September 2, 2014 by randberg
Okay, I made that up, but I bet I got your attention!
Truthfully, there isn’t an archival reality show in the works, but I think there ought to be one. Alongside all of the shows where the hopefuls warble to Simon Cowell or dance in front of Tom Bergeron, we need to have a competition show for archivists! In my universe, the show would be called “So You Think You Can Archive” and would be hosted by former Librarian of Congress Daniel J. Boorstin. I know, I know, Mr. Boorstin passed away in 2004, but this is my universe so I get to say how it is set up!
In front of a panel of nationally known archivists (Which “rock star” archivists would you choose?), the competitors would be faced with an archival dilemma and they would be awarded points based upon how they solved the problems associated with accepting a fictional collection at their imaginary institutions. Instead of having to sing a variety of songs (from country to power ballads) or perform an assortment of dances (from the tango to the waltz), the contestants would be faced with making decisions about the best way to store various media and how best to make the collection available to the public. Bonus points could be awarded for creating the best finding aid.
Like any good reality show of this type, there would have to be a home version created so that aspiring archivists everywhere could get a sense of what it would be like to be on the program. In 2008, the Subject and Special Collections Division hosted a day-long workshop at the Westerville Public Library. The workshop was conducted by Nancy Down (Head of the Browne Popular Culture Library at Bowling Green State University) and Steve Paschen (University Archivist at the Kent State University Libraries). By the way, both of these individuals would be excellent candidates to be judges on “So You Think You Can Archive.”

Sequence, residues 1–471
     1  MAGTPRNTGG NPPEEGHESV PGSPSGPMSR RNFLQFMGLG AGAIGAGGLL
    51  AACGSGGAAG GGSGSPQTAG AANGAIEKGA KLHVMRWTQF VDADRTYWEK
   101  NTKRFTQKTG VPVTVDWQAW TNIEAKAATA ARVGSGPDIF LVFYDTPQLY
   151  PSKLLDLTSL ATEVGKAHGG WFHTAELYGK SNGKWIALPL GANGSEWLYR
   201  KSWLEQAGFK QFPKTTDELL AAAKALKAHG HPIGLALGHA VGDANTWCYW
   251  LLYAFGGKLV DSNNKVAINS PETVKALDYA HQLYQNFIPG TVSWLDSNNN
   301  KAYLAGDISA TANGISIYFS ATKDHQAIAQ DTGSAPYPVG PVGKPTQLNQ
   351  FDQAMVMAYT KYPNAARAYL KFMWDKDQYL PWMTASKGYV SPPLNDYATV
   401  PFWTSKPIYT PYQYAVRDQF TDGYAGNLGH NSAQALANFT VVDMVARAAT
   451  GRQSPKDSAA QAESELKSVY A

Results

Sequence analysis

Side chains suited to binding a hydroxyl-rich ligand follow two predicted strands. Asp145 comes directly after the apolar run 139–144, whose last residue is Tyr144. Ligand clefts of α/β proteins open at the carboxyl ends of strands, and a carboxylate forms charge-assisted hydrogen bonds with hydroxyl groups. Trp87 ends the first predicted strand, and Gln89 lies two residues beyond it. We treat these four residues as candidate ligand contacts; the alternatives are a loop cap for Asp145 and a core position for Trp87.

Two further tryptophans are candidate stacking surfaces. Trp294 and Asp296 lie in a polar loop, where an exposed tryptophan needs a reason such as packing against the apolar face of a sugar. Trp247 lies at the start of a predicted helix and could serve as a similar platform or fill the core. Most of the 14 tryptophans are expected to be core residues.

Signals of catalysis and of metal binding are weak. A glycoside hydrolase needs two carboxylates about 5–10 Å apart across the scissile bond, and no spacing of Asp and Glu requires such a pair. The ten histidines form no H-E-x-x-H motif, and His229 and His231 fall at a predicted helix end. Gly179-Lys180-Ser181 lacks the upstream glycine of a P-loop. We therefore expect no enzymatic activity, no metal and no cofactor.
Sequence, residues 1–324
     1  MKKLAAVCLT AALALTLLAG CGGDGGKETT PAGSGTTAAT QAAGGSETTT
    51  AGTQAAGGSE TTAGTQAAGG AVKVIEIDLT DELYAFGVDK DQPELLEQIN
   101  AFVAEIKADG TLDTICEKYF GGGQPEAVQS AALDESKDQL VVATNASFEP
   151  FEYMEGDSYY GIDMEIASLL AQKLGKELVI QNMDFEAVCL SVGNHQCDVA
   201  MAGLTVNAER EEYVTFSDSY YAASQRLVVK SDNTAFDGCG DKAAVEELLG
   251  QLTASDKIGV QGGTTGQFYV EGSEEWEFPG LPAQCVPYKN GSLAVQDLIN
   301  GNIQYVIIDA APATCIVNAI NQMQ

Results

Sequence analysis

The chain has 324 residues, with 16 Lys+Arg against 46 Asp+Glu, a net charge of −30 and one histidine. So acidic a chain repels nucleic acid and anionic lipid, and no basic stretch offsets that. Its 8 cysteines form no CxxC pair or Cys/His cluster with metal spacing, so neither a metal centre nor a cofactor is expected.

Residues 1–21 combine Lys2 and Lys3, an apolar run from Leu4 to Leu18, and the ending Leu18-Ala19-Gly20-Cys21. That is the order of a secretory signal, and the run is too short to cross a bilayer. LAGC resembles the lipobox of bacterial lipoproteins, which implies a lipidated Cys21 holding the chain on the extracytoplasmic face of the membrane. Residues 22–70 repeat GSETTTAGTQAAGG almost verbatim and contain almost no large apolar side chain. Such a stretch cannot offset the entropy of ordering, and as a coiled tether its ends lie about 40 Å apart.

At the SSCD workshop, participants were given scenarios of complex archival collections that were being offered to their fictional institutions. Their job (“Should they choose to accept it”) was to analyze the information provided, look for any potential pitfalls, and come up with a game-plan for dealing with the collection being presented. The members of SSCD at that time had a blast writing up those scenarios and I think that they could easily be adapted for the home version of the show. Let me share with you one of the scenarios that I wrote and you can test your archival mettle. What would you do with this situation?
Gander Public Library
Summit County, Ohio
Collection: 35,000 volumes
Existing special collections: Large collection of local and county history books, newspaper clippings, and photographs. Maintains a “local authors” collection. Some objects have been collected over the years, but not in an organized fashion.
The collection being offered
The corporate archives, schematic drawings, and promotional materials of “Just Ducky”, a now defunct local company which manufactured rubber ducks in your community for over 50 years. Included with the donation would be a large assortment of the rubber duckies made at the plant (there are approximately 300 in the flock).